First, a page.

As plant-based diets become more prevalent, many may assume that means you have to become a vegetarian or vegan, which isn't the case. 

You can still reap the health benefits of plant-based eating without swapping animal products for those veggie burgers that are springing up in grocery stores and restaurants, unless you so choose.

The emphasis is on the word “based” and finding a healthy middle ground between animal and plant products.

Quality counts

When it comes down to a healthy diet, it all depends on how it’s done. A plate of pasta with a couple of broccoli spears and a piece of multigrain bread isn’t a well-balanced meal. A quality piece of organic chicken with a half plate of colourful vegetables is a healthier choice.

Incorporating a small amount of higher-quality animal products and basing a meal around more vegetables, can make a balanced diet more realistic for everyone to achieve.

The strategy

Since fresh fruits and vegetables deliver a lot of nutrients — and are naturally low in fat, sodium and calories — everyone can benefit from a more plants in their diet.

Combine that with quality animal products and it’s a two-part strategy. 

But don’t forget about the third part of the equation — eating less processed food such as sandwich meat, bacon, cereal and microwaveable meals.

Tips to keep in mind 

Slow and steady
If you’re going to incorporate more plants in your diet, you don’t have to drop all the animal products you eat.

Instead, maybe start by having meatless Mondays, where you don’t eat any animal products with your meals. There is also the option of changing only one of your meals at first, like focusing on just eating plant-based lunches.

If you are having meat in your meal, treat it as a side dish and make vegetables, fruit, beans and/or legumes the star of the plate.

The building blocks
A healthy diet is one that balances protein, healthy fats and carbohydrates.

Take the time to research different vegetables and find out which ones have those three building blocks, as well as vitamins and minerals.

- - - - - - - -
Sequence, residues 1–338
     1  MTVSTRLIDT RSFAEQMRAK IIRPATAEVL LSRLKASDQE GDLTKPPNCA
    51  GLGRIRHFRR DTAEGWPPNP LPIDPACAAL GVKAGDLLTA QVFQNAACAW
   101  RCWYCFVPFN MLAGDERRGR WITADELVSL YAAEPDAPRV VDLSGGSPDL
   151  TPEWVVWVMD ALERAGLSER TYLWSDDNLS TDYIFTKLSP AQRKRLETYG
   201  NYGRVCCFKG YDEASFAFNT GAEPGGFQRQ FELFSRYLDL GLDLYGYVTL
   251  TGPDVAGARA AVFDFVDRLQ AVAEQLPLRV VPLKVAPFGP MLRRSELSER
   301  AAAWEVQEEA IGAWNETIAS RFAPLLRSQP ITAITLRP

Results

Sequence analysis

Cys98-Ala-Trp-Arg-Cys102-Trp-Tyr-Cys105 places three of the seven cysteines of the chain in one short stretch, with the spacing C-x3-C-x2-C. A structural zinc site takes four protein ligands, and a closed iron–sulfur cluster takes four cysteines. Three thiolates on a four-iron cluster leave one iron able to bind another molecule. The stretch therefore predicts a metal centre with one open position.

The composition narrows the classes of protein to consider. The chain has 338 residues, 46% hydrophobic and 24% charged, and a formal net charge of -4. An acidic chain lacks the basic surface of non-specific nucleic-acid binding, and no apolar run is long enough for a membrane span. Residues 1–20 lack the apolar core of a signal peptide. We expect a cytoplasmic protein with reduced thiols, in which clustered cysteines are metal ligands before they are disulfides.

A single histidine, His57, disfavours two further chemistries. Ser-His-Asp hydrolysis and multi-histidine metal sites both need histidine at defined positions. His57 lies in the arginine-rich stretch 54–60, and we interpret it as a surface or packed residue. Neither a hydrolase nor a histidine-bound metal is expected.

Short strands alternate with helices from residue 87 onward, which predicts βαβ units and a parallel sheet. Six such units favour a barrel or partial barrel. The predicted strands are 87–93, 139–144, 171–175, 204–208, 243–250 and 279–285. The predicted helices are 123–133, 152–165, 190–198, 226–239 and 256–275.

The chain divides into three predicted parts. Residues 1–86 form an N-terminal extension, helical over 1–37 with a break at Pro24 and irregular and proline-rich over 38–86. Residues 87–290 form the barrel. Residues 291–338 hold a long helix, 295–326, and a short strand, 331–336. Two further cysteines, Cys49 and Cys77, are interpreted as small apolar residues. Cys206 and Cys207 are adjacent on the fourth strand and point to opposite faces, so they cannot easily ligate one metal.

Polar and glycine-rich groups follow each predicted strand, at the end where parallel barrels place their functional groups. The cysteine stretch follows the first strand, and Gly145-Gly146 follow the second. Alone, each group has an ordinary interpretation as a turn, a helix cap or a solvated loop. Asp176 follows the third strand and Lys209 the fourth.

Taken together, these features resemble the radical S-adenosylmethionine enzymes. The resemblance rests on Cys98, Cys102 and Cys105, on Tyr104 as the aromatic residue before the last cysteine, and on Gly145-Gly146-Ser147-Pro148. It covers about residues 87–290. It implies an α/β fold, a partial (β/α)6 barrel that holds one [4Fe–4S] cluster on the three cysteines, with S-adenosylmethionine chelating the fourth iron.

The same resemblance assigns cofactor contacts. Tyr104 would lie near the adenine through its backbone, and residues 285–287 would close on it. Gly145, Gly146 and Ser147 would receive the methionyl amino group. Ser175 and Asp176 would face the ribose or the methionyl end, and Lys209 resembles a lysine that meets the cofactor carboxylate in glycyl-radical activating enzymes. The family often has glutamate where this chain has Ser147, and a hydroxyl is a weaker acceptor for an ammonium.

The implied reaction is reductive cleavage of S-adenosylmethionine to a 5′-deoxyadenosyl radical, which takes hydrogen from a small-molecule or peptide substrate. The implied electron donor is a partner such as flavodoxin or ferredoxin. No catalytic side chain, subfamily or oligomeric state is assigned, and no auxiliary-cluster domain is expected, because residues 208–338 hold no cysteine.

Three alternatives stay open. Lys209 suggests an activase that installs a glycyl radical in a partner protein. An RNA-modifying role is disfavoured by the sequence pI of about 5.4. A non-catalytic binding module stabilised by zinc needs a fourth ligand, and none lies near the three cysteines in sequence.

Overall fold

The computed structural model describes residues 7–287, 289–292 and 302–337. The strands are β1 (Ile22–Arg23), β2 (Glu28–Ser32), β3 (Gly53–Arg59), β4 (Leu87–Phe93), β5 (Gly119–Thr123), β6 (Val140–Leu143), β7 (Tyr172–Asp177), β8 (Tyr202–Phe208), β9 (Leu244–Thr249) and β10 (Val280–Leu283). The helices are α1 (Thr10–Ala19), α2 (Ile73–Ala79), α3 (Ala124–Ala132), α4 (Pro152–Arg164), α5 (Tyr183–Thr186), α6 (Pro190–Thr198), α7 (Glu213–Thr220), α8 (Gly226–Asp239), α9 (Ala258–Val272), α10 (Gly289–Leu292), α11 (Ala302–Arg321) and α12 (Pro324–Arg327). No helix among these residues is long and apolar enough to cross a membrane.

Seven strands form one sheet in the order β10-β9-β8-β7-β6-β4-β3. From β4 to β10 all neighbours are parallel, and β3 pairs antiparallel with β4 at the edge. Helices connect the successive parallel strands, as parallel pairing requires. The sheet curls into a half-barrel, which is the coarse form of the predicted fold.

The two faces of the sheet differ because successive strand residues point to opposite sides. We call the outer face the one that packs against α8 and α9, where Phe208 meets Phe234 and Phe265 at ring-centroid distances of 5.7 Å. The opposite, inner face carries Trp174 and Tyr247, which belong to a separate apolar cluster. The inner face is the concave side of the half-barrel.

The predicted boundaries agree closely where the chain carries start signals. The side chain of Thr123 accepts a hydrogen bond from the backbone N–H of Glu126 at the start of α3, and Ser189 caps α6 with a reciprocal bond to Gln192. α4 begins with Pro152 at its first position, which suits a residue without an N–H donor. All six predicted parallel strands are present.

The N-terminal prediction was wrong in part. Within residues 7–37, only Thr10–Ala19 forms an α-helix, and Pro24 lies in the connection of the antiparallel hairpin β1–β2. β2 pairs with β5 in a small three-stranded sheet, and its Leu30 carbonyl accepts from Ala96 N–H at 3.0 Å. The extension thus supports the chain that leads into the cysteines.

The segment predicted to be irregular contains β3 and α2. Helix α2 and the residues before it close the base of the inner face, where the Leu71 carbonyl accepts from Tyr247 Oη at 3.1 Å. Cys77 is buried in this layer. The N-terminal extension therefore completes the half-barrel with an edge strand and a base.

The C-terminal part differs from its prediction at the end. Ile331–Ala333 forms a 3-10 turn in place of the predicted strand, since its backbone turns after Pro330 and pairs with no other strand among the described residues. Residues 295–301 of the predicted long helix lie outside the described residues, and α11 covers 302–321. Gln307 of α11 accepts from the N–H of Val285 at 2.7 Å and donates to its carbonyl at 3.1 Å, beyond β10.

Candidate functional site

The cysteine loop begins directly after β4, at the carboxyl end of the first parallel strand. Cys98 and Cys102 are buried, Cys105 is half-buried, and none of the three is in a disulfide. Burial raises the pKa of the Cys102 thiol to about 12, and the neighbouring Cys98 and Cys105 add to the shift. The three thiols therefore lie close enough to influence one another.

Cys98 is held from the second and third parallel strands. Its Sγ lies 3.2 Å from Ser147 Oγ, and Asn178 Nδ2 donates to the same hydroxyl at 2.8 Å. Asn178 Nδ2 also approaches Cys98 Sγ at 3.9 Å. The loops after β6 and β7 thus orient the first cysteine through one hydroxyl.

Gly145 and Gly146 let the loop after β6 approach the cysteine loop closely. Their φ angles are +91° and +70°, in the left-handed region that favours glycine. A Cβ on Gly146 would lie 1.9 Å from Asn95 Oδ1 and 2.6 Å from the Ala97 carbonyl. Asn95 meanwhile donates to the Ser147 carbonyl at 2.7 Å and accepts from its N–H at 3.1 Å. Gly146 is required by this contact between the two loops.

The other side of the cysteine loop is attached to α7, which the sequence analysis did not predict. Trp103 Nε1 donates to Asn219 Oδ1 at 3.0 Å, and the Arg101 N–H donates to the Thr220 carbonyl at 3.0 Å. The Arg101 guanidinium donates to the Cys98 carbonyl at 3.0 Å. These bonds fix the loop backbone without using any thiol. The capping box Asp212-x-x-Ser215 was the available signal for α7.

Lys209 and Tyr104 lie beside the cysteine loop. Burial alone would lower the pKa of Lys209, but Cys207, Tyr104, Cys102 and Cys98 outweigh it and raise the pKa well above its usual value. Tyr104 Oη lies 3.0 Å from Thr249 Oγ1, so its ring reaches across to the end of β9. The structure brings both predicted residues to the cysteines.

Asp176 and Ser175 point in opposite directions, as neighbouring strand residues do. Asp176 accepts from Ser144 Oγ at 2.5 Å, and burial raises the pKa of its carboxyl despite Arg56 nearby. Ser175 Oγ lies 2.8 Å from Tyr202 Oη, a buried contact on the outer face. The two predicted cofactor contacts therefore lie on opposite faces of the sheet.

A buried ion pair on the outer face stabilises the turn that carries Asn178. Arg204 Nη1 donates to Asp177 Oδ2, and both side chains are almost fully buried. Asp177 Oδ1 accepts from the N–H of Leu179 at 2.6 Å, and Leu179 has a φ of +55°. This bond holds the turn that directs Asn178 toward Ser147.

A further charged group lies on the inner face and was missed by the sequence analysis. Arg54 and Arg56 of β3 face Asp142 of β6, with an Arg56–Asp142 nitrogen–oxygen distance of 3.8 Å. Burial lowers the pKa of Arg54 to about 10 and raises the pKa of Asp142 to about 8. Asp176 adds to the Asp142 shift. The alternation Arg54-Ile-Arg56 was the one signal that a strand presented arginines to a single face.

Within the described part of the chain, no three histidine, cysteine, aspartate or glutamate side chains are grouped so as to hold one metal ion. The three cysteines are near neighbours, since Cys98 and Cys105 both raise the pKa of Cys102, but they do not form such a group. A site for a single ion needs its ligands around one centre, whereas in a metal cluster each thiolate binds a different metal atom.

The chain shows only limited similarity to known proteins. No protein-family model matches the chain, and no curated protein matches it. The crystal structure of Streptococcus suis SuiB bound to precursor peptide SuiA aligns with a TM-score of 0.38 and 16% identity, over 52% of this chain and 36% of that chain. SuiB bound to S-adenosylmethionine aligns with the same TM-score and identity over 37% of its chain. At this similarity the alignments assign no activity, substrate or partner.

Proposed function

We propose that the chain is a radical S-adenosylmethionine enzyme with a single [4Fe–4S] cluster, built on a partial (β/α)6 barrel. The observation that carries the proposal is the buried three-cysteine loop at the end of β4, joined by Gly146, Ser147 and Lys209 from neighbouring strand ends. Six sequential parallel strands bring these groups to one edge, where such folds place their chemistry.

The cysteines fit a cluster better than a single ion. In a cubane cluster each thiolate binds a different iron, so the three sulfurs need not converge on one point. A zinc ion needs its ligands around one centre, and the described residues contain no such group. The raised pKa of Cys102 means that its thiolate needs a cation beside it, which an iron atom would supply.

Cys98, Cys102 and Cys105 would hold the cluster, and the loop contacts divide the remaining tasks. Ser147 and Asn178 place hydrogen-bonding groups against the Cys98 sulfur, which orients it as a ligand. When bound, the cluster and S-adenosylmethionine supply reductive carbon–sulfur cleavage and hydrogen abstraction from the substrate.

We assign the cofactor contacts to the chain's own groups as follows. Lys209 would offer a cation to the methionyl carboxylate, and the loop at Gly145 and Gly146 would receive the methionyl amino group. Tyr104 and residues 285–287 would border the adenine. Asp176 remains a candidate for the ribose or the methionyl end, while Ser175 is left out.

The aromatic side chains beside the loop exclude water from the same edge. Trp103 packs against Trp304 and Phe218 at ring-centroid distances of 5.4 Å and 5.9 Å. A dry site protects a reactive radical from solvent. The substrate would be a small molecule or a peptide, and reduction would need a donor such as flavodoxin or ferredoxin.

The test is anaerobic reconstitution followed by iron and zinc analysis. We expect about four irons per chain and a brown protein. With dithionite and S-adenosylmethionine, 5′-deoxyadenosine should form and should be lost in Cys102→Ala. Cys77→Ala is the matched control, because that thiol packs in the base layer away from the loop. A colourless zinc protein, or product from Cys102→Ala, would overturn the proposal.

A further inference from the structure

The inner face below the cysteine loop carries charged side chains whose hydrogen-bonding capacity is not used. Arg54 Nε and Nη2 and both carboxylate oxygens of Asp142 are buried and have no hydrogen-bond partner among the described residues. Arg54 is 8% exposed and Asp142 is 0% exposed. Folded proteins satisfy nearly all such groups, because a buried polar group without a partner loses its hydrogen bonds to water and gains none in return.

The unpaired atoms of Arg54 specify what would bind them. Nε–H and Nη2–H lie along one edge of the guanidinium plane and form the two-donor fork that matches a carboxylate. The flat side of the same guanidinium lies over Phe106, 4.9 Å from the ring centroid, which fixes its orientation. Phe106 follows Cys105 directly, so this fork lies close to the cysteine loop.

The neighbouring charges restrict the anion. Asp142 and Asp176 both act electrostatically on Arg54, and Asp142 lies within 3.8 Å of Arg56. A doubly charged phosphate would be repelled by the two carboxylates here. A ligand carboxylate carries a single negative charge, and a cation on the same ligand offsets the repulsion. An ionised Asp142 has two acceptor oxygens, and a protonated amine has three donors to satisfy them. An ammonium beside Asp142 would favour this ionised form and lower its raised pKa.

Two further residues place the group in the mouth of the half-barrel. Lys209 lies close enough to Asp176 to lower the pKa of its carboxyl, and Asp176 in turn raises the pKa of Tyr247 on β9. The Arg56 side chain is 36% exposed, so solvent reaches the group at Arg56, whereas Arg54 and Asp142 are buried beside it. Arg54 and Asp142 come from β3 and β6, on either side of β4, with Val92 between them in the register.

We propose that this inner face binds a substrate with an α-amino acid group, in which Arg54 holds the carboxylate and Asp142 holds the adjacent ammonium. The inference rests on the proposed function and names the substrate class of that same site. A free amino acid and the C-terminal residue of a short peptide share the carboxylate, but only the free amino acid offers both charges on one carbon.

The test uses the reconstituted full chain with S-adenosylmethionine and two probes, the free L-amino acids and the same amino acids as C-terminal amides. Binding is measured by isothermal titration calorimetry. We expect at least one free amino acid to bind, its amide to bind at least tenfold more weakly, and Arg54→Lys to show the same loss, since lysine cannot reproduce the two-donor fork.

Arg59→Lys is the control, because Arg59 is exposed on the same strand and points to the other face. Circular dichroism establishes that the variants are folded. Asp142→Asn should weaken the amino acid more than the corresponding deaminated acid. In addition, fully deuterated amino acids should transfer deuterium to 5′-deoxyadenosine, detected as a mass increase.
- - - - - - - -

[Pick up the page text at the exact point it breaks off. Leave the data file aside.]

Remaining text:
We generally increase the amount of fibre we take in, and the vitamins we get, when we boost our consumption of vegetables.

Common mistakes
If you don’t plan your meatless meals, chances are you may reach for ingredients that aren’t the healthiest choices.

One common mistake people make is eating too much ‘white’ food – pasta, rice, potatoes and bread because they fall into the category of ‘meatless’.

Just because you find plant-based or gluten-free cookies in a store aisle doesn’t mean they’re healthy. There is plant-based junk food, too. Read the labels and look out for the amount of sodium, saturated fats and flavour enhancers.

Prep time
Arm yourself with some healthy plant-heavy recipes that are simple enough for you to prepare. The GoodLife Fitness Blog features a lot of recipes.

Even though you’ve heard this over and over again, it’s important to set aside a day to buy ingredients and do a large amount of the preparation such as chopping vegetables and fruit and storing them in the fridge. That makes it less likely you’ll skip making your planned meal if you’re too tired or rushed.

Vegetables should also be colourful, as each has different vitamins and minerals. Think red, green, orange, purple — tomatoes, beets, cucumbers, carrots and purple cabbage.

When it comes to meat, aim to consume only high-quality organic products. Since you're not having as much, it's more affordable.

A balancing act

Any move in the direction of consuming more plants in your diet is positive, but it bears repeating that it doesn’t automatically mean you’ll be healthier.

The amount of exercise and movement you do, coupled with your stress level, also impacts your health.

However, when the focus of your meals is more balanced, you should feel better about your overall health.